The ladies were no better. Babli (Poonam Dhillon) in Trishul (1978) overtakes on the wrong side of her half-brother’s car — and she crashes her car into the footpath but luckily escapes with minor injuries. Delhi or Bombay, safe driving rules are always applicable. You can blame it on pop music. But Inder (Jeetendra) in Kinara (1977) had visibly lost his concentration while whistling to the racy music on his car audio. With his fingers snapping to the beat, his hands come off the steering wheel. In a horrible collision, he is bed ridden for six months; and suffers from an inexcusable guilt once he recovers and discovers the bigger damage that the accident had caused. Exactly what the rich boy Vijay Gupta (Raj Kiran) in Shiksha (1979) goes through after he runs over two young men in his new Mercedes. If the city-bred could be so irresponsible, what can we expect from village yokels? In Dushman (1971), the truck driver Surjit Singh (Rajesh Khanna), in a drunken stupor, runs over a poor farmer, thus snatching the only bread winner from the already impoverished family. The Judge’s classic sentence that Surjit earn and financially support the impacted family served two benefits — it helped support the family financially and helped Sujit overcome his guilt.
Singing on the streets, right in Bombay’s busiest district, and to the amusement of the onlookers, is taken for granted — especially when the dramatis personae are Amitabh Bachchan and Shashi Kapoor in the song Hum jhoot boltein hain maantein hain (Imaan Dharam, 1977).
Masquerades and manoeuvres
Given that majority the Hindi movies of the 1970s were city-based and centred around the smuggler-police themes, sequences included screeching car chases on the roads, overturning fruit carts, jeeps mowing through walls, open-door police jeeps (with the cop frantically waving outside) taking sharp turns, open top limousines, a lame man observing stuff exchanged between two cars at a noisy traffic signal ….with the lame Abdul (Mazhar Khan), staying permanently in public memory as the iconic Bombay beggar cum-informer in Shaan (1980) maneuvering his pushcart fearlessly through and between heavy on-rushing Bombay traffic.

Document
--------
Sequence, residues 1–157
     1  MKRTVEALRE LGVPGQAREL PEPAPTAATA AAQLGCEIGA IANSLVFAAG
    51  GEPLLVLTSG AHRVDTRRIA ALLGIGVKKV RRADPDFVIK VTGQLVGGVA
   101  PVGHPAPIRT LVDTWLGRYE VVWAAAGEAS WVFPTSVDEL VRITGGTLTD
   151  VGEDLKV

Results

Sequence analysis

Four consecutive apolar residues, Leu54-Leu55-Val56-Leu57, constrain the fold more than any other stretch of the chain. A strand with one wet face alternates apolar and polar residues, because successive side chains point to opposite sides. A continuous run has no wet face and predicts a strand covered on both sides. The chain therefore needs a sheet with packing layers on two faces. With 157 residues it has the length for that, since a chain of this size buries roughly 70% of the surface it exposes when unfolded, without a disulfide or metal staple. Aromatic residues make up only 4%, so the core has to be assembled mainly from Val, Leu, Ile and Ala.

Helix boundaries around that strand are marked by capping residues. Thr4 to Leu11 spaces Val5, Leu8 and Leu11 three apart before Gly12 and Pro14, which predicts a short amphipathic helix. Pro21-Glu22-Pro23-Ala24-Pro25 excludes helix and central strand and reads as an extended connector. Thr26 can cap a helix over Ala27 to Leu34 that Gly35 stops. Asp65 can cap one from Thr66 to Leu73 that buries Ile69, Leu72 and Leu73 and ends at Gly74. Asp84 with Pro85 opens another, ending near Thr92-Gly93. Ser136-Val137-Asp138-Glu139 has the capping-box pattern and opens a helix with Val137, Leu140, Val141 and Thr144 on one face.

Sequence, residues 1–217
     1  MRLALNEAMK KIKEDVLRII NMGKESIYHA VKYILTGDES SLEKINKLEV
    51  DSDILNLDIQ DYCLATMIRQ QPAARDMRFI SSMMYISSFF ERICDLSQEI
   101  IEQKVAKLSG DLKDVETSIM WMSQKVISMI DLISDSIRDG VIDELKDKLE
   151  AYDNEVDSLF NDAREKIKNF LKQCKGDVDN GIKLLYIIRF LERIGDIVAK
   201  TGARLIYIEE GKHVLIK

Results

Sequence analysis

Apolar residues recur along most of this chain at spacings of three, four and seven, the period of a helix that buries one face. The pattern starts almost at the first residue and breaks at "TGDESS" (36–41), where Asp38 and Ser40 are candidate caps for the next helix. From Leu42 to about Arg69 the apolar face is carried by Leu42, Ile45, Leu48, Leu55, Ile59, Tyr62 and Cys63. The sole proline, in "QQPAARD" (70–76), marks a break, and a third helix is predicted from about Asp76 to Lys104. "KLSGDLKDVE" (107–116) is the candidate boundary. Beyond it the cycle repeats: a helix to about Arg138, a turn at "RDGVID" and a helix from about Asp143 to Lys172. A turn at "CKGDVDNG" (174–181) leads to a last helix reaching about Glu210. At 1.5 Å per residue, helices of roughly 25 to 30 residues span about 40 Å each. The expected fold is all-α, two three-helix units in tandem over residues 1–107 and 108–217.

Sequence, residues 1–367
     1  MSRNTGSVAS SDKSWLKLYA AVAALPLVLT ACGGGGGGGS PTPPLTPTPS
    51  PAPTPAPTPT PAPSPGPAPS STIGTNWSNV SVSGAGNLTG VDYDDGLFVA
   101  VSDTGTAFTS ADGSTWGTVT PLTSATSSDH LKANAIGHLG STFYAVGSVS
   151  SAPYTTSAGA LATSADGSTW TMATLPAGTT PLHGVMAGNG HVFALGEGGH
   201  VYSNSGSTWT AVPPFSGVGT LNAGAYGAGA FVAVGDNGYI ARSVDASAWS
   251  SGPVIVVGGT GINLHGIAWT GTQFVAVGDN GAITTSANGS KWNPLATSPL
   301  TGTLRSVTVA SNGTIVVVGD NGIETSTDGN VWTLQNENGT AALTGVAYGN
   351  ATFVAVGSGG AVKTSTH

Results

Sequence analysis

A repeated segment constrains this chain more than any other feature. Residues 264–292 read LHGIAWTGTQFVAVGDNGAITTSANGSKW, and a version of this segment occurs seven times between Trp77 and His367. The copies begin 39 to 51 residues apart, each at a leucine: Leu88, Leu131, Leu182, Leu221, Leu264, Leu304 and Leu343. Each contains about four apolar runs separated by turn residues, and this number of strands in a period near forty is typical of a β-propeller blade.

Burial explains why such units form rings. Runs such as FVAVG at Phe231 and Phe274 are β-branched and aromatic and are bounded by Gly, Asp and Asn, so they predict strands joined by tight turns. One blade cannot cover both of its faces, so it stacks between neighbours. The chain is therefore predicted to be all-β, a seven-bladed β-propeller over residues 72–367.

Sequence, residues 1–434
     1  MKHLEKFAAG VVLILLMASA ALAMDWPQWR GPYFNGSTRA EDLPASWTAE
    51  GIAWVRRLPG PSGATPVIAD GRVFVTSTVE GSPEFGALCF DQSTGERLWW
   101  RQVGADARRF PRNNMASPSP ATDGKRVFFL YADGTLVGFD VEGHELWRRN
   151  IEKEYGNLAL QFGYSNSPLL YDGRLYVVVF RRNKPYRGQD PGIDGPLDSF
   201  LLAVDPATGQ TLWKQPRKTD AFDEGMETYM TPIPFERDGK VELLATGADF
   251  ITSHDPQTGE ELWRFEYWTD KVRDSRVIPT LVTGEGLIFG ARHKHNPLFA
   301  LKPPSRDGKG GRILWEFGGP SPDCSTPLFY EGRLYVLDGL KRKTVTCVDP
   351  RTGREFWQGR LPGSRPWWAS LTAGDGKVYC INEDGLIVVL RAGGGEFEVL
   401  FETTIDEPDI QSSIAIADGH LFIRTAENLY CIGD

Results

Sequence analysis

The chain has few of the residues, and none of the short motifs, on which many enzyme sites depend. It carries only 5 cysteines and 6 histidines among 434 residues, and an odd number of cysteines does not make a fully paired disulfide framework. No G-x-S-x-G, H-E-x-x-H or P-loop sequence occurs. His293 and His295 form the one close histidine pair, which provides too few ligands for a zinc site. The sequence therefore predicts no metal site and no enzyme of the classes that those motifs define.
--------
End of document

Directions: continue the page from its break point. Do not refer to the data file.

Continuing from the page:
- Actor Boman Irani, speaking to us in an interview shared that during the shooting of Farhan Akhtar’s Don (2006), the Malaysian government closed down streets and shops to help the crew shoot the action sequences on the streets of Kuala Lumpur. Says Irani, “In fact, we asked to keep a few cars plying, a few shops open as a backdrop. They said that we could have our cars if we wanted to. They were that co-operative.”
Ramanand Sagar engaged a motley of sleuths — Mala Sinha, Mahmood, and Dhumal — masquerading as International Fakirs on the streets of Beirut in the slick spy thriller Ankhen (1968), overlooking the fact that such a public act invites severe censure by the Lebanon Government. Hindi cinema always seemed to buy out the law when the stars are overseas. In a sequence which seems heavily inspired by a similar one in Robert Mulligan’s Come September (1961) we had Shammi Kapoor manoeuvring his Vespa in the manner of a stunt artiste, on the highways of France in An Evening in Paris (1968),
Enough was enough. The Bombay police finally set the right example in Golmaal (1979) by bringing in industrialist Bhavani Shankar (Utpal Dutt) to the station for bumping into a police jeep — which was incidentally parked on the wrong side of the road. This perhaps one of the first instances in Hindi films of someone being booked for traffic violation.
It had always been every Bombay driver’s dream to be armed with a flying vehicle. On March 5, 2018, Heli taxi services commenced in the traffic-nightmare city called Bengaluru, connecting the airport to Electronics City, some 45 km away. Big deal. Cabbie Chhotu’s (Amitabh Bachchan) Fiat taxi in Khud-Daar (1982) achieved the impossible in 1982 itself as his taxi takes off in the air without a warning.
But wait, Chhotu was day dreaming.